On May 27th 1933, President Franklin D. Roosevelt signed the Securities Act of 1933. To say that this piece of legislation was groundbreaking would be an understatement. One of the many mandates in the act was that publicly traded companies must register with the newly created Securities & Exchange Commission and produce accurate financial statements for investors and the public to examine. One year later the book “Security Analysis”i co-written by the great Benjamin Graham was published (Graham was a mentor to Warren Buffet). In his book Graham made specific distinctions between investing and speculating. He also laid the groundwork for what would come to be known as “Value Investing”. Here, Graham proposed a mathematical framework for evaluating a stock price based on the company’s financial statements.
At some point in the mid twentieth century the value approach started to be challenged by a new approach: growth investing. This was in-part fueled by the new technology stocks of the day like Kodak, Xerox, and IBM. Some of theses younger companies had less than impressive balance sheets, but the technologies they offered were undeniably important so they attracted a lot of investment.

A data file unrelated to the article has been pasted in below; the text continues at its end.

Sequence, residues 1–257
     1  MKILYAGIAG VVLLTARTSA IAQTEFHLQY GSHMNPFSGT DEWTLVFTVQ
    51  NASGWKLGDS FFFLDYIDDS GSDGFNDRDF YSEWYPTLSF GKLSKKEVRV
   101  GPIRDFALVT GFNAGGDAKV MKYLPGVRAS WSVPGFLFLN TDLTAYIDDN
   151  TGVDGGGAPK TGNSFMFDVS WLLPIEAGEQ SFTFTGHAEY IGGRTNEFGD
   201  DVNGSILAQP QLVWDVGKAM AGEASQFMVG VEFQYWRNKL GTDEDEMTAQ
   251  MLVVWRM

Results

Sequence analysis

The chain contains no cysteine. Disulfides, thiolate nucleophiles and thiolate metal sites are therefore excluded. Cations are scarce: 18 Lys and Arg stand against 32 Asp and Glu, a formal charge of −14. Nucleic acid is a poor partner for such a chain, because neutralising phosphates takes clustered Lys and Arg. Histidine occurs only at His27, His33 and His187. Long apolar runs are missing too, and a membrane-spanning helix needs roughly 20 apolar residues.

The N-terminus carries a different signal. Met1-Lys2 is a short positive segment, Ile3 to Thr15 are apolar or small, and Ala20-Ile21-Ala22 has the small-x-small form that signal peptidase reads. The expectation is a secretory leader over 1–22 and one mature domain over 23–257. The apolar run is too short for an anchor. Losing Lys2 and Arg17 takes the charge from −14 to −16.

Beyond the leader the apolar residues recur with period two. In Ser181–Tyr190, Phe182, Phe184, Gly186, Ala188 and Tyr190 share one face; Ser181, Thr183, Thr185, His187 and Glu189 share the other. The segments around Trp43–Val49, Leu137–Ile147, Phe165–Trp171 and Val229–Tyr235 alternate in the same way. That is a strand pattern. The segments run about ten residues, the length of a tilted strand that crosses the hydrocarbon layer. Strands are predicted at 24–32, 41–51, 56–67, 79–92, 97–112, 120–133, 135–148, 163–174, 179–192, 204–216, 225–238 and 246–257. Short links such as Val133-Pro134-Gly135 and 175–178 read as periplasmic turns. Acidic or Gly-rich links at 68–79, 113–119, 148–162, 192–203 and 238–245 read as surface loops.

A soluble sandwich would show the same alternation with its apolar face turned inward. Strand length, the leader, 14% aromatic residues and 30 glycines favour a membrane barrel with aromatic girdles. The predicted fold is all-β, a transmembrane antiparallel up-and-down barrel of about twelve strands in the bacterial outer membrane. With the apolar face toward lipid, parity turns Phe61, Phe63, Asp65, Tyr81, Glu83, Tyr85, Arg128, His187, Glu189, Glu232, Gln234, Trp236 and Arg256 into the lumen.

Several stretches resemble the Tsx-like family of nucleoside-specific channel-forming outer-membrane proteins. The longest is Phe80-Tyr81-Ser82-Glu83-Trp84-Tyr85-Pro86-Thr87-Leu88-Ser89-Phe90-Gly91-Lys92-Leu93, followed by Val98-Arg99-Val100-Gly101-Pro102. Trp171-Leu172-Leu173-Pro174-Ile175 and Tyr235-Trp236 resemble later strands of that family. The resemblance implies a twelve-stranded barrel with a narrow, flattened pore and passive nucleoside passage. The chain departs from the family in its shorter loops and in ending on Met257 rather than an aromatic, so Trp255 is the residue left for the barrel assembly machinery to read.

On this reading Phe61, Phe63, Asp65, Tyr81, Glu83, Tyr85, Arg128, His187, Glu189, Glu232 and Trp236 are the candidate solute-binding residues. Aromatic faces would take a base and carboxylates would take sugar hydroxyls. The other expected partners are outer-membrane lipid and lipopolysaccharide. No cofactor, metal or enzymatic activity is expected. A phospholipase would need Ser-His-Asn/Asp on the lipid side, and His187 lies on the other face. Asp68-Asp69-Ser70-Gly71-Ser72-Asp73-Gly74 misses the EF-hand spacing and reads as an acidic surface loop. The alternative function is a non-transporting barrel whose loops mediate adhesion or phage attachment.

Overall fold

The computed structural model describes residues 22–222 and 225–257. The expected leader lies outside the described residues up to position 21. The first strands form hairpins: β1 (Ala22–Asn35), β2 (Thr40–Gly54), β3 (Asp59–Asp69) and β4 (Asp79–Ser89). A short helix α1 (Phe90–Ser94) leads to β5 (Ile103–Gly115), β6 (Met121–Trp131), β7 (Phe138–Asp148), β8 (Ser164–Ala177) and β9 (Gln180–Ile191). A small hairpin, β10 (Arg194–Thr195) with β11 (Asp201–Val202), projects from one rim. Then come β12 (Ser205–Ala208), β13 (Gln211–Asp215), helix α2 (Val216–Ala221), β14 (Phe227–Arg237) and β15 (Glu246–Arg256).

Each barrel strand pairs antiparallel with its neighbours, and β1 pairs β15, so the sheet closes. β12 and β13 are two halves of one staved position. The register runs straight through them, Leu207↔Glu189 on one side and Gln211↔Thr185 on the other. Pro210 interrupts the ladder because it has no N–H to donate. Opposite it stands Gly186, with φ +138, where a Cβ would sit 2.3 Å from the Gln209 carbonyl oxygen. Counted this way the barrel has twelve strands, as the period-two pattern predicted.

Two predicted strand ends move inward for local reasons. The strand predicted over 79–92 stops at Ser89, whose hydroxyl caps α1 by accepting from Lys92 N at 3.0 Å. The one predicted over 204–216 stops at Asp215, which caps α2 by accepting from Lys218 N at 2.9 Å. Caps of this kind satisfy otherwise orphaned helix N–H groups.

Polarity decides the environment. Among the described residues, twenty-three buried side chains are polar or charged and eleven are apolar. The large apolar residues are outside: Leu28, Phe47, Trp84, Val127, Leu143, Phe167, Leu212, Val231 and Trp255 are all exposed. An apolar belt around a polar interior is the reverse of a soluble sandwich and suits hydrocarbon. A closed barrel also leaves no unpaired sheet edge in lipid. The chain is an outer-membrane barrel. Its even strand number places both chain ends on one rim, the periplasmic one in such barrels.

Another factor that gave a boost to “growth investing” was the rise of passive investing and index funds. With this approach investors could buy an entire market rather than just a single component. However the entire market will always contain stocks that are overvalued and shunned by value investors. Depending on your investment objectives and risk tolerance, the risk associated with speculative stocks may potentially be reduced if they are included in well diversified portfolio. Sure, any one stock can go bankrupt, but could the entire technology sector disappear? The impact of passive investing has been amplified by the rise of the 401(k). Many retirement accounts use exchange traded funds or “ETFs” to capture large portions of the market, including stocks who’s balance sheets are less than sound.
When you consider the increasing pace of technological advancement and the race to capitalize on it, the rise of passive investing and the 401(k), it is easy to see why growth stocks have gotten a lot of attention. However, the long-term trend between “growth” and “value” stocks are more similar than one might think. The “spread” between the two over the last three years has been very wide compared to long term trends. Growth should outperform Value over very long periods of time, but the numbers we are seeing today are hard to rationalize. For the current spread to narrow and look more familiar, recent trends will have to reverse.